There’s a load of anecdotal data about teens and young adults (TYAs) and their always-on relationship with mobile phones and social networks. There are also hundreds of stories written in both mass media outlets and professional journals on the topic of TYAs and mental health: especially relative to depression and suicidality.

In a breakthrough study, Hopelab and the Well Being Trust have sponsored the first deep-dive into the many dimensions of young people, their relationship with social media, and depression in Digital Health Practices, Social Media Use, and Mental Well-Being Among Teens and Young Adults in the U.S.,

The report was co-written by Victoria Rideout and Susannah Fox, two names Health Populi readers should know. Rideout is the go-to expert on media and health, with a special interest in children and media. Fox is the go-to person on the role of the internet in healthcare, and particularly the opportunity for digital tools to enable peer-to-peer support.

The study is based on a survey of over 1,300 U.S. teens and young adults, ages 14 to 22, polled in February and March 2018.

As I write up my read on the survey results, I will use the acronym “TYAs” alternating with the phrase “young adults,” to refer to the cohort of 14-22 year old’s surveyed in this study.

The top-line findings alone provide an important baseline profile of TYAs’ use of the internet for health never before described. Nearly 9 in 10 young adults have gone online to seek health information. Two-thirds have used a mobile app related to health. And, 61% of TYAs have read or watched someone else’s health story online.

4 in 10 young people have looked for people with similar concerns online — which is the real power of “social” in “social media.”

Nearly two-thirds of young people seek health information about fitness and exercise, one-half for diet and nutrition, 44% on stress, 42% on anxiety, and 39% on depression. Over 1 in 4 TYAs seek information on sexual health — birth control, pregnancy, and sexually transmitted disease.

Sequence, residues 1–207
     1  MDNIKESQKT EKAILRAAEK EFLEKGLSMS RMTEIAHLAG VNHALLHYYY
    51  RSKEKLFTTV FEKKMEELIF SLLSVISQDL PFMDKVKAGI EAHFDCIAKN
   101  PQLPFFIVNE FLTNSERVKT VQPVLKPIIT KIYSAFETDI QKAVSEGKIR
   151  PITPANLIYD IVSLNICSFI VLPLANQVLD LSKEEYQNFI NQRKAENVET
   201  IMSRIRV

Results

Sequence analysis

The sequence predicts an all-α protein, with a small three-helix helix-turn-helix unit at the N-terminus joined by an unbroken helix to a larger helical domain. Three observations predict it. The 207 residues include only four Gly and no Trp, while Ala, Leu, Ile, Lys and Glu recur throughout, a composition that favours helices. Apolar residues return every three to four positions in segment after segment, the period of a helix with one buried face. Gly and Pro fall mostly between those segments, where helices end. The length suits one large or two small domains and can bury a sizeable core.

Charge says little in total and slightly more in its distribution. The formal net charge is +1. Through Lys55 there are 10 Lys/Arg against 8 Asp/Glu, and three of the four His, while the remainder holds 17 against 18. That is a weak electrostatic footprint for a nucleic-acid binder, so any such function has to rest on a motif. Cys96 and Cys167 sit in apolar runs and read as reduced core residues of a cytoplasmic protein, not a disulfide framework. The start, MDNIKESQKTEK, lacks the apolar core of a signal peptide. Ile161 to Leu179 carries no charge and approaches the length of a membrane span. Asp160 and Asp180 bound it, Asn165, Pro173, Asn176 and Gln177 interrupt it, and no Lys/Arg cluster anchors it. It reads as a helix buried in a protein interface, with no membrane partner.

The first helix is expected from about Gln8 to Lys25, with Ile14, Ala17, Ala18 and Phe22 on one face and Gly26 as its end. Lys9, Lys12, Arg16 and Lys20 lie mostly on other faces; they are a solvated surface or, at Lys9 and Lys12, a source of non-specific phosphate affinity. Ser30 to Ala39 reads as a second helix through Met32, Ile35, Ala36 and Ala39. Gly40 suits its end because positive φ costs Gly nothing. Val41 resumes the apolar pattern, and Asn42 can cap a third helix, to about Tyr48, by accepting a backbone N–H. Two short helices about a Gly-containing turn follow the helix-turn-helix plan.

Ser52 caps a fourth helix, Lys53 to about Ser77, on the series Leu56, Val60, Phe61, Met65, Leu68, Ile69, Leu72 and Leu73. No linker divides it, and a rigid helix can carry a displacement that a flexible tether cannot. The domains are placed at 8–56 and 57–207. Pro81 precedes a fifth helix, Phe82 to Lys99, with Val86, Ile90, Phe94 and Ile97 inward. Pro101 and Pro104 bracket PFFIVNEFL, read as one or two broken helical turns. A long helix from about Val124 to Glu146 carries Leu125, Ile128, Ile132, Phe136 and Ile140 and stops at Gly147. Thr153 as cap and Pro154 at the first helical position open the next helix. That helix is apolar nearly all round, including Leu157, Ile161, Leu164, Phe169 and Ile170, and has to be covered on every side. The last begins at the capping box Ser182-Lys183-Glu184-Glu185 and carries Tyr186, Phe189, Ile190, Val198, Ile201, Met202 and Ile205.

And one-fourth seek information on sleep disorders and cancer. Table 1 lists the various search themes conducted by TYAs.

What’s fascinating about the top several responses is that they match the health topics most often sought by most U.S. adults, found in other studies.

The most popular mobile health apps young people use deal with fitness (42%), nutrition (26%), sleep (20%), period/menstruation (20%), and meditation/mindfulness (11%), closely followed by stress reduction (9%).

While a majority of both young women and young men look for health information online, use a mobile health app, and have watched or listened to someone else’s health experience online, at the margin, more females do so than males.

There’s another important difference in use of online health resources regarding TYAs who identify as LGBTQ versus straight youth: many more LGBTQ young

adults seek health resources online than straight young adults, for information on depression (76% vs. 32%), anxiety (75% vs. 36%), stress (68% vs. 40%), and sleep disorders (54% compared with 22%). The second yellow bar graph shows these differences.

This segues into critically important findings on young people and mental well-being. While one-half of respondents reported no depressive symptoms, one-quarter of young adults said they had mild depressive symptoms, and 25% reported moderate-to-severe symptoms of depression.